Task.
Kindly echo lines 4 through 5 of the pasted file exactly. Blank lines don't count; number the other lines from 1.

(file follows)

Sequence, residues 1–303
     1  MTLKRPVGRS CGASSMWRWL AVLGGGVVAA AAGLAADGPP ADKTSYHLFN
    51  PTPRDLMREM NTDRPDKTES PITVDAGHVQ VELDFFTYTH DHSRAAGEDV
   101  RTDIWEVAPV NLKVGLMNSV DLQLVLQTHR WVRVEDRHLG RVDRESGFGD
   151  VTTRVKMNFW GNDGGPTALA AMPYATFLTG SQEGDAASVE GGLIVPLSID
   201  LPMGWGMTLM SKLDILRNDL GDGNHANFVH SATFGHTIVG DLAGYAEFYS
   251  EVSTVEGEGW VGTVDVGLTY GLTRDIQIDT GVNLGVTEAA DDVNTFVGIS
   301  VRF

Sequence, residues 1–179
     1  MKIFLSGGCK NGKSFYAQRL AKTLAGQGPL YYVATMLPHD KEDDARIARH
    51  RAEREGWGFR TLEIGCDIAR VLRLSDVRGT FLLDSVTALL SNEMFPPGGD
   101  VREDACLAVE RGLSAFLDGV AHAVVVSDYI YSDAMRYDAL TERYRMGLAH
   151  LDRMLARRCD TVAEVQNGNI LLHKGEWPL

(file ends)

   101  RTDIWEVAPV NLKVGLMNSV DLQLVLQTHR WVRVEDRHLG RVDRESGFGD
   151  VTTRVKMNFW GNDGGPTALA AMPYATFLTG SQEGDAASVE GGLIVPLSID